Julia Boorstin joined CNBC in May 2006 as a general assignment reporter. Later that year, she became CNBC's media and entertainment reporter working from CNBC's Los Angeles Bureau. Boorstin covers media with a special focus on the intersection of media and technology. In addition, she reported a documentary on the future of television for the network, "Stay Tuned…The Future of TV."
Boorstin joined CNBC from Fortune magazine where she was a business writer and reporter since 2000, covering a wide range of stories on everything from media companies to retail to business trends. During that time, she was also a contributor to "Street Life," a live market wrap-up segment on CNN Headline News.
In 2003, 2004 and 2006, The Journalist and Financial Reporting newsletter named Boorstin to the "TJFR 30 under 30" list of the most promising business journalists under 30 years old. She has also worked for the State Department's delegation to the Organisation for Economic Co-operation and Development (OECD) and for Vice President Gore's domestic policy office.
She graduated with honors from Princeton University with a B.A. in history. She was also an editor of The Daily Princetonian.
Follow Julia Boorstin on Twitter @jboorstin.
Monday night "Avatar" is on track to surpass Titanic's $1.842 billion box office record from 1997 and 1998. Yes, "Avatar's" box office isn't adjusted for inflation. And yes, it's worth noting that 3-D tickets sell for an average of $3 more than typical 2-D movie tickets. Yet even with those advantages Avatar's success is huge. While "Titanic" was in theaters for a whopping 41 weeks before it hit that record-breaking box office, "Avatar" has only been in theaters for six weekends.
The world's largest ticketing giant, Ticketmaster, and concert promoter, Live Nation just tackled a huge barrier to their planned merger. The two companies have reached agreements with the Department of Justice so the new "Live Nation Entertainment" is just around the corner.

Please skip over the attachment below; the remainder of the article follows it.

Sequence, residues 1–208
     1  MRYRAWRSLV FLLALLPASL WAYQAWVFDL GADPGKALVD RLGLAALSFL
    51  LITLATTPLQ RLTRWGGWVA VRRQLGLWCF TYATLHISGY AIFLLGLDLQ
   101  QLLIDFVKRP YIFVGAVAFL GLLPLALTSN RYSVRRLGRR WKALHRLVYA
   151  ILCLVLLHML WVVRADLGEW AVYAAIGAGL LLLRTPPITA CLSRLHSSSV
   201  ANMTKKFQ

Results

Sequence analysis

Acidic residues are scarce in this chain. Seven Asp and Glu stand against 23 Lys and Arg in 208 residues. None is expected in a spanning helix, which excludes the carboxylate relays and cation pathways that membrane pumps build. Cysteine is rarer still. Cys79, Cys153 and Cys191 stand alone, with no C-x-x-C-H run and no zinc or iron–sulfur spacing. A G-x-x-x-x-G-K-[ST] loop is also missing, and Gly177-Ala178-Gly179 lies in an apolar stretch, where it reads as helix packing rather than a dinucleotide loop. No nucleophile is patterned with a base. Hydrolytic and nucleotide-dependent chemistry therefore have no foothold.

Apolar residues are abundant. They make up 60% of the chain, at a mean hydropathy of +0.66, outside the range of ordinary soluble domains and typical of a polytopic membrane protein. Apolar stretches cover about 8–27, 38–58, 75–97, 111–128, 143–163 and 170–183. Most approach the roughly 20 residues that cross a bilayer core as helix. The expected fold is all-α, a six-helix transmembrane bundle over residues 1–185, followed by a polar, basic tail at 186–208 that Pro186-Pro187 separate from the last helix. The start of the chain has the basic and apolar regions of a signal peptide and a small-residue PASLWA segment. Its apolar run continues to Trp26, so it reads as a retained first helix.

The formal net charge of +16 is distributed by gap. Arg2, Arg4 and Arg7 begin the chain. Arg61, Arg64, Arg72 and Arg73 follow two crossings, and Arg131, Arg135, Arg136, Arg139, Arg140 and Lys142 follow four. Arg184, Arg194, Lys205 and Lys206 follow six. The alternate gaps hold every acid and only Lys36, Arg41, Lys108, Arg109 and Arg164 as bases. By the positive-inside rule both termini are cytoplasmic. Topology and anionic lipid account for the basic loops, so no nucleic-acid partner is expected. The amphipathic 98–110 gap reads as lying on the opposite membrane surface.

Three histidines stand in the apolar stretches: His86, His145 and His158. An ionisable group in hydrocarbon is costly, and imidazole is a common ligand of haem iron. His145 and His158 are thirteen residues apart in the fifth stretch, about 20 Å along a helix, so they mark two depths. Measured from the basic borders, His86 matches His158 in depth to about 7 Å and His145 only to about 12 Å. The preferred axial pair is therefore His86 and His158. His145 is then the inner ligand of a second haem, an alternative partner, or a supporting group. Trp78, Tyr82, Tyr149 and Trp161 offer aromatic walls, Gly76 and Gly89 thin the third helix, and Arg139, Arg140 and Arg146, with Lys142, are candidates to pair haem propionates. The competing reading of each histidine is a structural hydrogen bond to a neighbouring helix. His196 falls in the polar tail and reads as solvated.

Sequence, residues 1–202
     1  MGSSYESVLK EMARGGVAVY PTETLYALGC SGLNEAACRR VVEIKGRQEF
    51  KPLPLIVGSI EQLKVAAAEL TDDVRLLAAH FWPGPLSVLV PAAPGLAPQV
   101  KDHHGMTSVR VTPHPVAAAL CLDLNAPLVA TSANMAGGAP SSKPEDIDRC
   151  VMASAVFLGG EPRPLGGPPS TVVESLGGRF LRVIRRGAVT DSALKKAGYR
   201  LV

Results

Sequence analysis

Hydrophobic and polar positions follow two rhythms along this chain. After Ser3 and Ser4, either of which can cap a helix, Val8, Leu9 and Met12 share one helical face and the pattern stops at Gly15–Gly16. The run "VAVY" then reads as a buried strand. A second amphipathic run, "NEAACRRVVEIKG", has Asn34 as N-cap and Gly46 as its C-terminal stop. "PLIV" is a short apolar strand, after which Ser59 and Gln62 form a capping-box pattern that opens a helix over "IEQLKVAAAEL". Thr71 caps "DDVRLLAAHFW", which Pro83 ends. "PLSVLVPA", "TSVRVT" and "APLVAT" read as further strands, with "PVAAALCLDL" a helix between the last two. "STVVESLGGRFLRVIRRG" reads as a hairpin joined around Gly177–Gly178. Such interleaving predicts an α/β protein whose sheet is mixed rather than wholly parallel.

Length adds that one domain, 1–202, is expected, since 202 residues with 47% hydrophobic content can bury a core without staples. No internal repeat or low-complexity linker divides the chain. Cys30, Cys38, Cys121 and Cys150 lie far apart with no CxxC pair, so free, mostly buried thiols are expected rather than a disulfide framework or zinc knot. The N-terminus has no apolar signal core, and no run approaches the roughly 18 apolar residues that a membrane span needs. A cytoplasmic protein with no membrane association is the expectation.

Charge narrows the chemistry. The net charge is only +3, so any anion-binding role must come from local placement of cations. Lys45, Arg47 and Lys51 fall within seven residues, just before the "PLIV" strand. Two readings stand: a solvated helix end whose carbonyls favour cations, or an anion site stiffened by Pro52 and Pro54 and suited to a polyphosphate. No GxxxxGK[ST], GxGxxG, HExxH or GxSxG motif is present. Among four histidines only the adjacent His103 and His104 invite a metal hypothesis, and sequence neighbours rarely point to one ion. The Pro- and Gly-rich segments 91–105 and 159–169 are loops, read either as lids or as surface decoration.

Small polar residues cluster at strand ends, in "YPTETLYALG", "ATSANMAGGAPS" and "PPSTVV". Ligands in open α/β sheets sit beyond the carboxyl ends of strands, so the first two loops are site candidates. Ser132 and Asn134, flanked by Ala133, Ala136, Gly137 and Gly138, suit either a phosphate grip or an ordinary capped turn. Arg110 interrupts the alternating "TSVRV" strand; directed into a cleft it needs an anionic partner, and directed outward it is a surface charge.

The New York Times *finally* announced that it will start charging for "frequent" access to its articles starting in 2011. This is no surprise — with advertising and subscriptions on the decline, it's a long time in coming.
James Cameron's "Avatar," from 20th Century Fox spacer, is on its way to beat "Titanic" and become the biggest movie at the box office ever. Over the three day weekend "Avatar" won nearly $55 million at the box office in the U.S. and Canada and another $129 million from overseas, putting its total at $1.12 billion international and half a billion in the US.
The Golden Globes are Hollywood's most intimate awards show.
MGM is waiting for a buyer to swoop in and save it from bankruptcy. Bids were technically due today at 2 pm eastern, and they're starting to trickle in. The historied studio has struggled with declining DVD sales and its attempt to re-start production with its latest movie "Fame" was a bomb. A dozen studios and private equity players signed non-disclosure agreements to evaluate the deal and now about six bids are expected.
In 2015, Facebook's stock fortunes have headed one way, and Twitter's the other.
Disney chief Bob Iger says ESPN may someday be sold directly to consumers. He also talked China and "Star Wars."
Marvel continued to build out its roster of superheroes in "Ant-Man," offering clues about where the studio is heading after 2019.
Pearson is in talks to sell its stake in the Economist Group, to other shareholders in the group, according to people familiar with the situation. The FT reports.